How to build trust in the age of AI

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Ian Nyamusa | Senior Manager | KPMG South Africa | mail me |


 

 

 

 

 

 

 

 


Rovanya Kasaval | Analyst | KPMG South Africa | mail me |


Imagine cruising down the highway in your Tesla (Model 3), sold by the dreams of the autopilot feature. Suddenly a disaster strikes as the car’s AI fails to distinguish a semi-truck ahead, resulting in a fatal accident. This scenario that occurred in Florida on March 2019 highlights the potential dangers of reliance on AI in autonomous vehicles. Yet, in October 2023, researchers from the University Medical Center Utrecht, developed a deep learning algorithm; a form of AI, to identify brain tumours, speeding up diagnosis which now goes on potentially save millions of lives.

These contradicting realities – disaster and lifesaving – depict our complex dance with AI. This article explores the ethical considerations, pitfalls, and safeguards needed to ensure AI becomes our guardian angel rather than humanity’s downfall.

While AI might sound like science fiction, its roots stretch back to the 1950s at the Dartmouth Conference in Dartmouth College in New Hampshire, USA, where the term AI had yet to be known. Following this conference, in 1956 Arthur Samuel had a vision to implement the first alpha-beta pruning algorithm in an IBM 704 computer that would determine the probability of winning a chess game.

Over time, different subsets emerged:

  • Machine Learning (ML) – (1997) for data-driven pattern recognition,
  • Natural Language Processing (NLP) – for understanding human language, and
  • Deep Learning – (2017) mimicking the brain for complex tasks.

These specialised forms led to Narrow AI excelling in specific areas like facial recognition. Now, the horizon holds the potential of Generative AI (Gen AI, ChatGPT, November 2022), capable of producing content (e.g. text, images, videos) in response to prompts with human-level intelligence across domains.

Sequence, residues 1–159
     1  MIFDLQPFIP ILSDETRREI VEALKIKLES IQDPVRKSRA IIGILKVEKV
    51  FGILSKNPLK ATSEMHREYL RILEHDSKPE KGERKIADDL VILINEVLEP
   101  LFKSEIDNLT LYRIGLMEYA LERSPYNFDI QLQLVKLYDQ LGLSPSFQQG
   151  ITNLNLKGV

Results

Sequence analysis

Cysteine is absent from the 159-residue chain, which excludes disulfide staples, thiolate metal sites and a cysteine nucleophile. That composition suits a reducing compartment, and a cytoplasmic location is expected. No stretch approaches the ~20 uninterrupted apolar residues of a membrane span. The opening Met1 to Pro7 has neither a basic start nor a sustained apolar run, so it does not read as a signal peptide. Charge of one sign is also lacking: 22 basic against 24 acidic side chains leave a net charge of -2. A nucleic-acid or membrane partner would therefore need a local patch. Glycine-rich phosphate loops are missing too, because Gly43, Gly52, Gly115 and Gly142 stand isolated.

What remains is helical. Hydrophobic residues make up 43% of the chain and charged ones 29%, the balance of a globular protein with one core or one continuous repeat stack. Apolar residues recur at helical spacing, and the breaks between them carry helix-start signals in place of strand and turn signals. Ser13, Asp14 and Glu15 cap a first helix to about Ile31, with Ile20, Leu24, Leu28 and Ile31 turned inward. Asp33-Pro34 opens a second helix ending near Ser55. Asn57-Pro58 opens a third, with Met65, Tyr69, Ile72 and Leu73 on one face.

Trust

But can AI be trusted?

Although the horror stories of robots gone rogue might capture our imagination, South Africa is currently amidst the positive impact of AI implementation.

South Africa’s Big 4 Banks are creating strategies to facilitate the adoption of AI in the financial sector. First National Bank has embarked on a journey of AI, ML, and Gen AI to combat fraud detection and improve risk management. While ShopriteX; a business unit dealing with Emerging Technology by Shoprite has started leveraging AI and ML tools to address food wastages and logistics issues. Discovery Health employs sophisticated AI on their Dr Connect App providing reliable answers to members with medical symptoms.

It is without doubt that AI can create a better, automated future but the ethical considerations surrounding its development and use, require careful principles and practices. Can we truly trust AI? – the question we must answer as we move forward in this age of artificial intelligence.

The undeniable benefits of AI initiate a crucial understanding in acknowledging the potential risks associated with its implementation. Every organisation participating in the realm of AI should prioritise safeguarding measures to mitigate risks.

Five crucial risk areas to consider are elaborated on below:…


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Read the full article by Ian Nyamusa, Senior Manager and Rovanya Kasaval, Analyst,  KPMG South Africa, as well as a host of other topical management articles written by professionals, consultants and academics in the April/May 2024 edition of BusinessBrief.


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